That a finger can distinguish the texture of satin from suede is an exquisite sensory discrimination largely relying on small sensory organs in the fingertips called Merkel discs. Jianguo Gu, Ph.D., of the University of Alabama at Birmingham, has now unraveled how the sensory information is processed in the Merkel discs and further conveyed to the ending of a sensory nerve, the start of its journey to the brain.
Such molecular understanding about the sensory information transmission between Merkel cells and nerve endings may lay the foundation to treat the intense pain felt by patients with a gentle touch of their inflamed skin -- a pathological pain known as tactile allodynia. This knowledge may also point to how diabetes patients lose their sense of touch. And this new knowledge may lead to preventive care.
"Cancer patients often have touch-induced pain after chemotherapy," said Gu, the Edward A. Ernst, M.D., Endowed Professor in the UAB Department of Anesthesiology and Perioperative Medicine. "Touch-induced pain is also commonly seen in clinical conditions such as fibromyalgia, traumatic injury and in inflammation from sunburn. Our new findings may have profound implications in these conditions."
A Merkel disc consists of a Merkel cell and a closely associated nerve ending that branches from a single sensory nerve. Until recently, it was unclear how the physical pressure of a light touch gets transduced from a mechanical force to an electrical nerve signal in Merkel discs.
In 2014, Gu's research team overturned the common assumption that transduction from the mechanical force takes place at the endings of the sensory nerves in Merkel discs. Instead, as he reported in the journal Cell, that mechanical transduction at Merkel discs initiates primarily in the Merkel cells. His team further pinpointed that a new ion channel in the Merkel cells -- called Piezo2 -- is the mechanical transducing molecule.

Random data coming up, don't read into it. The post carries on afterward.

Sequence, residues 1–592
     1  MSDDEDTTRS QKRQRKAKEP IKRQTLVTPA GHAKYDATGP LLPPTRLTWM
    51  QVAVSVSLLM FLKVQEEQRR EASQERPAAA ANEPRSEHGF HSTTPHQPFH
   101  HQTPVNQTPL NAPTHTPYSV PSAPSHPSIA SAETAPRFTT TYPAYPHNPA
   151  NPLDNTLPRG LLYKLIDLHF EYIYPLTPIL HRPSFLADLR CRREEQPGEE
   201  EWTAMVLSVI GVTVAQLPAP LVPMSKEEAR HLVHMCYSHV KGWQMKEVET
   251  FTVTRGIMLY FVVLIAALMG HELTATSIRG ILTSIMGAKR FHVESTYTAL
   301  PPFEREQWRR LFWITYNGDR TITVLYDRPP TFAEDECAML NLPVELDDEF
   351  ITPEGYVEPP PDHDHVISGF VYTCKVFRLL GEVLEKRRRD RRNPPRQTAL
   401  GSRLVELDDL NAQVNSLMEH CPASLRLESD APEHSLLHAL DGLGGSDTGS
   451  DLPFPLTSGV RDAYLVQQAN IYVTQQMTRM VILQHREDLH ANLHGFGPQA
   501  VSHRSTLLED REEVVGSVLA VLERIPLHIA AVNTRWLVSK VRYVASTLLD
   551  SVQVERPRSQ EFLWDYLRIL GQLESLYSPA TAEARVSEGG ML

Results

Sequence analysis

Now Gu and colleagues have discovered how the signal transduced by Piezo2 is passed from the Merkel cells to the nerve endings. They report in Proceedings of the National Academy of Sciences that the Piezo2 transducer triggers Merkel cells to release the neurotransmitter serotonin. This serotonin crosses the tiny gap to the nerve ending, where it activates 5-HT receptors and triggers nerve impulses.
Such gaps from one nerve cell to the next are called synapses, and they are conventional in neural communication. The newly discovered Merkel cell-nerve ending synapse is unique, Gu says, "because it is the only example of a synapse formed between a non-neuronal cell and a nerve cell, and it is the first synapse that is found underneath the skin."
Other types of sensory nerves from the skin -- which detect sensations like heat, cold or pain -- have their first synapse at the point where the sensory nerve meets the spinal column.
Elucidation of a Merkel disc serotonin synapse in the skin opens several areas for future investigation.
"The serotonergic transmission in the epidermis, probably like that in the central nervous system, can be regulated by factors affecting serotonin uptake and release," Gu and colleagues write in their PNAS paper.
"This raises an interesting issue as to whether serotonin uptake inhibitors, such as cocaine, methamphetamine and other recreational drugs in this category, may act at the epidermal serotonergic synapses to alter tactile sensations. It would also be interesting to know whether the epidermal serotonergic transmission may be altered under pathological conditions in patients with diabetes, tissue inflammation and undergoing chemotherapy, because tactile dysfunctions including mechanical allodynia and reduced tactile sensitivity are commonly observed in these patients."
In humans and other primates, Merkel discs are concentrated in the fingertips, and lesser numbers are also found in other areas of the skin.
"They can sense the wind blowing on your skin," Gu said.
Intriguingly, Merkel discs in nonprimate mammals are concentrated in whisker hair follicles at the base of their whisker hairs. Thus, a mouse whisker can act as a model for a human fingertip.
"Nonprimate animals can use their whiskers to sense texture, shape and other physical properties of an object," Gu said. "A manatee has whiskers over its entire body. Bats have whiskers, too, to detect aerodynamic changes in flight."
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